Loneliness is a growing problem in modern societies. Political polarization is also a noteworthy trend. Could the two phenomena be linked? Could loneliness, in fact, cause political polarization?
According to numerous sources, loneliness is a serious health problem – not just mental health but physical health as well. Several recent studies have documented the physical effects:
- Julianne Holt-Lunstad and her colleagues analyzed 70 studies and estimate that loneliness increases mortality at about the same rate as obesity or smoking.
- Nicole Valtorta and her colleagues found that being lonely increases your chances of a heart attack by 29% and a stroke by 32%.
- Louise Hawkley and her colleagues found that lonely people are significantly more likely to have high blood pressure.
Additionally, the problem of loneliness is growing. The Harvard Business Review reports that, “Today, over 40% of adults in America report feeling lonely, and research suggests that the real number may well be higher.” The BBC reports that half of adults in England experience loneliness. And it’s not just old people. Julianne Holt-Lunstad’s study suggests, “ the prevalence of loneliness peaks in adolescents and young adults, then again in the oldest old.”
Vivek Murthy, the former U.S. Surgeon General, describes loneliness as an “epidemic”. The United Kingdom has now appointed a minister for loneliness. And Natalie Proulx asks in the New York Times, “Does Every Country Need A Loneliness Minister?”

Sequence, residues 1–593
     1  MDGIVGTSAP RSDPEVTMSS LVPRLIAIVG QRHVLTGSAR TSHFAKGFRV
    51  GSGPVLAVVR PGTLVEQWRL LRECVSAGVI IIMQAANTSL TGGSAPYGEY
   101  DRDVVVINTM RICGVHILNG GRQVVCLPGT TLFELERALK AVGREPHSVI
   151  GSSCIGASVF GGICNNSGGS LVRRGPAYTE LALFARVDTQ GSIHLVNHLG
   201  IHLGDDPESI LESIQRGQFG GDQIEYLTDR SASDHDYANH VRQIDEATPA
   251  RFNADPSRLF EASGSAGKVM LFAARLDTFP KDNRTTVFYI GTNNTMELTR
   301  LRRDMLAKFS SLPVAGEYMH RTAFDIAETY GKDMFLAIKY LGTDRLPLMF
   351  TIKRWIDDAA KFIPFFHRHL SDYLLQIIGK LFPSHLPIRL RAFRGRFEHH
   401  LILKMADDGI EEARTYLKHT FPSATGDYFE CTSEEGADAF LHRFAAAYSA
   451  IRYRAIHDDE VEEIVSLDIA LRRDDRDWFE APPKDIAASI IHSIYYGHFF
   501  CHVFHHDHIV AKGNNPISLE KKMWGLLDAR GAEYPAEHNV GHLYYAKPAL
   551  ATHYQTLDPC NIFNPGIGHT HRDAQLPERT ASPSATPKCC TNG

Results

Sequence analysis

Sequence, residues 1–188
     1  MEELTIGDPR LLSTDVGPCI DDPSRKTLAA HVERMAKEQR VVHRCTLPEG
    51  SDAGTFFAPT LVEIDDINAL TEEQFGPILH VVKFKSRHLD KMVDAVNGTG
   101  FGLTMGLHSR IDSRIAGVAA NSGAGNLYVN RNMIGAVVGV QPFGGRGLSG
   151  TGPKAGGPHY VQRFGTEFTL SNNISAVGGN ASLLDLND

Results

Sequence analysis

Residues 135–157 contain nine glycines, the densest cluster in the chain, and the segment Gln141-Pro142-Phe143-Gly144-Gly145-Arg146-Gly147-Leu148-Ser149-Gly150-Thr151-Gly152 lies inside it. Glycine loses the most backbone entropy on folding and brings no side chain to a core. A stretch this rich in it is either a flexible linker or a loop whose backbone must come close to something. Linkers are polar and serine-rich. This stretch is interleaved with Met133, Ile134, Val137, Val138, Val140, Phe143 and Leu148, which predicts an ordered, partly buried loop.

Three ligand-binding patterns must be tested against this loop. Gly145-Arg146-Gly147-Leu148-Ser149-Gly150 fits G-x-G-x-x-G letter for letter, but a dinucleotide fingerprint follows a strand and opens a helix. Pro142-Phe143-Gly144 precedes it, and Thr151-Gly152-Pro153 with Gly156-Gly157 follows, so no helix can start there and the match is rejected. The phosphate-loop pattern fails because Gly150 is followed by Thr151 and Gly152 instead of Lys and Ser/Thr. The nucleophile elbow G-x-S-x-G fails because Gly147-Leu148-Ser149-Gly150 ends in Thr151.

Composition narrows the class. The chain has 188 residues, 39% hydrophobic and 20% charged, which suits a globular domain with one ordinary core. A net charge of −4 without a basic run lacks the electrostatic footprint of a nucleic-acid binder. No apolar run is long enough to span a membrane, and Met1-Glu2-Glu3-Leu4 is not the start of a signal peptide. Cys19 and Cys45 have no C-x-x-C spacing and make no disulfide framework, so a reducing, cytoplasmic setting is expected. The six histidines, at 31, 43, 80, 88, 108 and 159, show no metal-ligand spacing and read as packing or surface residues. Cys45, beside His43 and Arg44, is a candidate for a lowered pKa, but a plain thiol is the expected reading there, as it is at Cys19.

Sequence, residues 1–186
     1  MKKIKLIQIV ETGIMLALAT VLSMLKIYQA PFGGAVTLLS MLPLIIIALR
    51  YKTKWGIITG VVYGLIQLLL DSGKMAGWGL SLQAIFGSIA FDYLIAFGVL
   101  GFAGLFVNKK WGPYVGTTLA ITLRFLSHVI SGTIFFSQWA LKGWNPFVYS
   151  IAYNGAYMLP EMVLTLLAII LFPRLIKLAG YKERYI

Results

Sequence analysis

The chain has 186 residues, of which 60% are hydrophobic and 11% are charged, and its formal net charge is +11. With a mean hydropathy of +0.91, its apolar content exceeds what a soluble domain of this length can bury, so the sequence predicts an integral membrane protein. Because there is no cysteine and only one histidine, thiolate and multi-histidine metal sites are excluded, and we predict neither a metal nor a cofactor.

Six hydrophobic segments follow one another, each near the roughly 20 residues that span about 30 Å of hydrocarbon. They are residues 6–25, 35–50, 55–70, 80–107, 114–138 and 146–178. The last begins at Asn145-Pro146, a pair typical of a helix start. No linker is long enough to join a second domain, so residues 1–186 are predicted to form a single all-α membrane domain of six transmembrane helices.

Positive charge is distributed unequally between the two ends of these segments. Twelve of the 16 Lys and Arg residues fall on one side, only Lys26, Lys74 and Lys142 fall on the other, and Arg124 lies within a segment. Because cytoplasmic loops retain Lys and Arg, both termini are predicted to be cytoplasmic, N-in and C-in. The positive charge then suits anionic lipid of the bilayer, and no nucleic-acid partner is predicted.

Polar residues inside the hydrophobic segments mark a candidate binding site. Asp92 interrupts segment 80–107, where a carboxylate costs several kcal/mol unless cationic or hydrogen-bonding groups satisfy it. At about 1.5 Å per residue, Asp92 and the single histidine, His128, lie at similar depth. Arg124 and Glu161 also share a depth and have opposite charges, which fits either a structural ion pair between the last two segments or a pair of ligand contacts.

Shifts in demographics and joining behavior have contributed to loneliness. People today are less likely to belong to church or fraternal organizations. Enrollment in trade unions has declined sharply. Men’s clubs have all but disappeared. Long-term employment with a single company has also declined. The gig economy is perhaps the ultimate expression of the atomized workplace.
If we can no longer find a sense of identity and belonging in traditional identity organizations, where do we turn to alleviate loneliness? Two trends suggest that we may have already moved in loneliness-alleviating directions.
The first trend is that we have sorted ourselves into what might be called “identity neighborhoods.” (Neal Stephenson, in his novel Snow Crash, calls them “burbclaves”). As Bill Bishop pointed out in his 2008 book, The Big Sort, we now segregate ourselves by political identity as much as by class or ethnic identity. Liberals live here; conservatives live there. Our neighborhood can give us a sense of identity and belonging. It also insulates us from opinions that differ from our own. Bishop points out that, “The clustering of like-minded Americans is tearing us apart.” Bill Clinton adds, “Some of us are going to have to cross the street, folks.”
The second trend is the rise of identity politics. We’ve moved away from broad-based political parties and towards “…political positions based on the interests and perspectives of social groups with which people identify.”
Is identity politics driven by loneliness? Simon Kuper thinks so. Writing in the Financial Times, Kuper notes that people are increasingly joining political parties to signal, “…they belong to the same tribe …with a shared identity … and something to talk about. In other words they are doing something that is usually considered positive: they are forging a new kind of community.” If Kuper is right – and I’m inclined to think that he is – then loneliness is the root cause of identity politics.
Loneliness then is not simply an individual issue. It affects the way we organize ourselves in neighborhoods, communities, nations, and political parties. Many observers suggest that identity politics is bad for America – click here, here, and here for representative examples. If we want to stifle identity politics, we first need to work on the problem of loneliness. Perhaps we need a minister for loneliness, after all.